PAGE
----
Recent results of multimodal therapy of gastric lymphoma
Estrogen Receptor alpha
Gene Expression Regulation, Neoplastic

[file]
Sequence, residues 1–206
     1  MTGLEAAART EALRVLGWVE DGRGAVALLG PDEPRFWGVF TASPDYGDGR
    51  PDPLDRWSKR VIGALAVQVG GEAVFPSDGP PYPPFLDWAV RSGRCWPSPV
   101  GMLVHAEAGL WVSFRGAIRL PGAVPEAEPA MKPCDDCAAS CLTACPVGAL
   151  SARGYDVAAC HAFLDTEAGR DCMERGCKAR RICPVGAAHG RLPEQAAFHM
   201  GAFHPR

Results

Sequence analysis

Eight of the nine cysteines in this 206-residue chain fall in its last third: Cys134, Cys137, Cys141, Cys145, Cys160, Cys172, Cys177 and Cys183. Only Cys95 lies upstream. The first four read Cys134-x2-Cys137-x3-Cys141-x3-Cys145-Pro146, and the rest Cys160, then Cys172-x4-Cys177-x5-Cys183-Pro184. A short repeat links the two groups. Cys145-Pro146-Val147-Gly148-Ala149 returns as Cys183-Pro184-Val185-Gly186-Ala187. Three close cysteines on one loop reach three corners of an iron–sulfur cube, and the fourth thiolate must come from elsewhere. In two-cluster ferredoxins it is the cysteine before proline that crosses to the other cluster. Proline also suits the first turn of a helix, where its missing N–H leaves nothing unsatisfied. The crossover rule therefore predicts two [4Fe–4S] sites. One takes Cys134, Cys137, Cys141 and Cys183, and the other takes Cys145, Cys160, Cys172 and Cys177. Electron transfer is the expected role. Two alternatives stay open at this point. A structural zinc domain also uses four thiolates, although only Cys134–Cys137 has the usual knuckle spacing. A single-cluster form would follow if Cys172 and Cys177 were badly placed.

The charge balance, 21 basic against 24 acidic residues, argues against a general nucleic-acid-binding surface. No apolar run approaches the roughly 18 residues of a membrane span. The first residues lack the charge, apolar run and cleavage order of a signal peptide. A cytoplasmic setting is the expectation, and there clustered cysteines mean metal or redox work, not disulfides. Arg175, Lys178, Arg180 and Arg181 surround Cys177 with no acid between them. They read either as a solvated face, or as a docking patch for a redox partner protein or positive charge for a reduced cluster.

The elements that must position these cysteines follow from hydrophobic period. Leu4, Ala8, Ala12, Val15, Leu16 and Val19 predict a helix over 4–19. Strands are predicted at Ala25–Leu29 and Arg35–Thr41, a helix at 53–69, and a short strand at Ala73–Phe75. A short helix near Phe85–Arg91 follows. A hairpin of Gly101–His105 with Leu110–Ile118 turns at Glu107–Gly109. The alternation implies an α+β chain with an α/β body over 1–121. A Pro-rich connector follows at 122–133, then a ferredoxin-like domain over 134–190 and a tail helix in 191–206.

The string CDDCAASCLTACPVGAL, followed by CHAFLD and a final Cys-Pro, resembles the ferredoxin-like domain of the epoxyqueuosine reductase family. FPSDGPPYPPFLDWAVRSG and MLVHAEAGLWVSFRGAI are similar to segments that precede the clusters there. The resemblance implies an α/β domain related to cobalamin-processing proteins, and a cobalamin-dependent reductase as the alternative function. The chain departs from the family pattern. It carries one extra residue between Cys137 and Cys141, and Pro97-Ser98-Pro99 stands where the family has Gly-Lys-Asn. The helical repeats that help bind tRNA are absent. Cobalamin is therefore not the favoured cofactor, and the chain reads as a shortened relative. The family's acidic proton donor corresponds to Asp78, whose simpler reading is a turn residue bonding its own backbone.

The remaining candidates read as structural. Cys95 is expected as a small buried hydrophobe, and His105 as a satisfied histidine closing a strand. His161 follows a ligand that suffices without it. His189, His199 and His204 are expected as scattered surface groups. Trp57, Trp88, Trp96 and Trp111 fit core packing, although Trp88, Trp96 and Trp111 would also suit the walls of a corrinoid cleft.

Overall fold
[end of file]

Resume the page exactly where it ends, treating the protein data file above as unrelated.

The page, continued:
The efficacy of multimodality treatment of gastric lymphoma was examined in a retrospective study of 46 patients treated at the Memorial Sloan-Kettering Cancer Center from 1971 to 1982. The principal treatment plan consisted of surgical resection of the gastric lymphoma (n = 36) where feasible, followed by radiation therapy of the whole abdomen (n = 23) with a boosting dose to the stomach-bed to 3700 cGy, and/or chemotherapy using mainly the CHOP (cyclophosphamide, doxorubicin, vincristine, prednisone) regimen as an adjuvant (n = 7), or CHOP plus other drugs for advanced disease. The median follow-up time of patients was 61 months (range, 30 months to 14 years). There was no operative mortality. No patient developed known relapse in the abdomen after resection and total abdominal irradiation, and none suffered relapses after adjuvant chemotherapy, for Stages I-E and II-E. At 5 years, the estimated survival rate after treatment was 95%, 78%, and 25%, respectively for Stages I-E (n = 20), II-E (n = 9) and IV (n = 17). The results for Stage I-E and II-E resectable tumors were significantly improved (P less than 0.05 and less than 0.1 respectively) over those of similar tumors treated in 1949 to 1970.